‘The Truth’: Sins of the Fathers, or what U.S. Network TV wants you to know about Post-Apartheid South Africa

CRIMINAL MINDS: BEYOND BORDERS

(Left-right) Clara Seger (Alana De La Garza), Unit Chief Jack Garrett (Gary Sinise), Russ “Monty” Montgomery (Tyler James Williams), Mae Jarvis (Annie Funke) and Matt Simmons (Daniel Henney) comprise the International Repsonse Unit, the FBI division at the heart of the upcoming drama series, CRIMINAL MINDS: BEYOND BORDERS, which premieres Wednesday, March 2 (10:00-11:00 PM, ET/PT) on the CBS Television Network. The IRT is tasked with solving crimes and coming to the rescue of Americans who find themselves in danger while abroad. Photo: Richard Cartwright/CBS ©2015 CBS Broadcasting, Inc. All Rights Reserved

 

A friend of mine recently alerted me to the existence of a new TV show that is a spin-off from CBS’ popular crime-procedural series Criminal Minds. Criminal Minds: Beyond Borders, which kicked off in March this year, presents us with the amazingly un-ironic spectacle of a Criminal Minds-style team of American profilers and crime experts gone global. This diverse (yet still deeply patriot) team is headed by series veteran Gary Sinise/Jack Garrett, and even has its own fucking jet, by means of which it flies, Team America-style around the world to save US citizens who’ve been so stupid as to actually travel outside of their own country. Continue reading

Advertisements

Tibet, the Role Playing Game: Table-top Anthropologies and Competing Knowledge Jurisdictions

god-chess1.jpg

When I was a kid growing up in pre- and post-Apartheid South Africa it wasn’t easy to study occultism.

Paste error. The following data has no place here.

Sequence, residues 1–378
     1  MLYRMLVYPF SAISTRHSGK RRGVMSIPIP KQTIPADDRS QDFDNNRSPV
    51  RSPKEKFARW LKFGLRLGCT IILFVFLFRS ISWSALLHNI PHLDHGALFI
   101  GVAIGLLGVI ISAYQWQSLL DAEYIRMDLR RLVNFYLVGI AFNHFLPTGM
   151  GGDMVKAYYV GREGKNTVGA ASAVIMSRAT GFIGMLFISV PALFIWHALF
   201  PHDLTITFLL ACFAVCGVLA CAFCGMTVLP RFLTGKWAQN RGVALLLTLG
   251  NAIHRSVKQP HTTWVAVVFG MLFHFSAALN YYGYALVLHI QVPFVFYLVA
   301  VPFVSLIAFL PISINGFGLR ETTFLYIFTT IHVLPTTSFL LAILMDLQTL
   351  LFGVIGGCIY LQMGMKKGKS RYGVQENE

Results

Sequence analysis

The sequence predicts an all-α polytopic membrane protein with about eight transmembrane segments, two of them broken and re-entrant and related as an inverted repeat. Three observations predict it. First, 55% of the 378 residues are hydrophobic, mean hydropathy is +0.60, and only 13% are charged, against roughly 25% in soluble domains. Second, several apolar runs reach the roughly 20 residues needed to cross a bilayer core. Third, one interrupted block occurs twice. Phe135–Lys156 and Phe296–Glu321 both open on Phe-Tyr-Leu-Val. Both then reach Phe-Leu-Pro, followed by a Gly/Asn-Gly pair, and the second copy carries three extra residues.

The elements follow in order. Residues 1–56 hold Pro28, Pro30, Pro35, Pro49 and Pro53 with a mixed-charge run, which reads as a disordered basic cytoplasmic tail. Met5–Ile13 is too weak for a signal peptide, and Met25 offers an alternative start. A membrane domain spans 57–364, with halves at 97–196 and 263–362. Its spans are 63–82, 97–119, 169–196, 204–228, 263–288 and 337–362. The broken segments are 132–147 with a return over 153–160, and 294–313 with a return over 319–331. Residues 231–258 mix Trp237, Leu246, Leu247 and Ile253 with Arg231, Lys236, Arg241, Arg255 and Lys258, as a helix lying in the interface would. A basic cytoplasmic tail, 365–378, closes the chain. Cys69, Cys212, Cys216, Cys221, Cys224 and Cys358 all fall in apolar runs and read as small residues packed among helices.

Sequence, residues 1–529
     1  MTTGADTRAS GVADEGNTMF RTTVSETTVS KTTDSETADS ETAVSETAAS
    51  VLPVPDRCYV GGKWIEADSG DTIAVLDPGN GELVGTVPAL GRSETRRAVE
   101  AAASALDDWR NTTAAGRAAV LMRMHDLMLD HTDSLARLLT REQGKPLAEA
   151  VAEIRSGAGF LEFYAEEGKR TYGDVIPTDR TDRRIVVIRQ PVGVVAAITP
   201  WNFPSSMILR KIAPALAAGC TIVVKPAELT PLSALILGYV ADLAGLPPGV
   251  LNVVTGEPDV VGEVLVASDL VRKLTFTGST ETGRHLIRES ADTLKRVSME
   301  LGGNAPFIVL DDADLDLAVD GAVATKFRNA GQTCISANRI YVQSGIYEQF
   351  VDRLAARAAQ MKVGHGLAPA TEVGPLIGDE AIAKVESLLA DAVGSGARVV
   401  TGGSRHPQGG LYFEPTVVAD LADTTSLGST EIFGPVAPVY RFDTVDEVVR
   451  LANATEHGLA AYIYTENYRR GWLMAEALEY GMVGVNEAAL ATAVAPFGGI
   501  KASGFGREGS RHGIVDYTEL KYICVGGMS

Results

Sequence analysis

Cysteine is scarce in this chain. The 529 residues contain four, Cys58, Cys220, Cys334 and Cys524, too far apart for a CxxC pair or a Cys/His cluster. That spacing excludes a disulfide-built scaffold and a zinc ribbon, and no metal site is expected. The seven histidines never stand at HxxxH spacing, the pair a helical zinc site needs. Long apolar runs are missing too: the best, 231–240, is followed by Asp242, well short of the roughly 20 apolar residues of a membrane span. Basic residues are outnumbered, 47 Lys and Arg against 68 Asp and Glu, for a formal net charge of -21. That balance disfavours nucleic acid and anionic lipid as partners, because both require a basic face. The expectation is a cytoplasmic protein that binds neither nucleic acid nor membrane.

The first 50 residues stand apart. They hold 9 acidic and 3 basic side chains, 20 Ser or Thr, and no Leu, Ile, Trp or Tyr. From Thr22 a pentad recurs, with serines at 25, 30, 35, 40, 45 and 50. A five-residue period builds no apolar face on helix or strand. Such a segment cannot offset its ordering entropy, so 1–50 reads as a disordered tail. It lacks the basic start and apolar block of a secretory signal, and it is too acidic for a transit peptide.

To be sure, South Africa is a country filled with professional and semi-professional sorcerers, but it is also a nation whose white supremacist government for a long time directly funded a special ‘Occult-Related Crimes Unit’ attached to the national police force. This unit, which was founded in 1992 and which was supposedly officially disbanded/absorbed in 2006 (but which is in fact still operating in various capacities)  was guided for the most part by the expertise and priorities of white, Afrikaner Christian investigators. Working under the auspices of the state, pastors with police training, criminology degrees and a measure of knowledge about local black South African ‘customs and traditions’ investigated South Africa’s dark and criminal occult underbelly. While the existence of witch-lynching and so-called ‘muthi killings’ – ritual murders conducted to ostensibly secure human parts for sale in criminal magical economies and use in rituals – served as the primary justification for state-spending on the Unit, the majority of the Unit’s time appears to have been spent on locating and routing out ‘cells’ of adult and teenage Satanists, and assisting especially young South Africans who had been afflicted by demons and other Satanic forces. Continue reading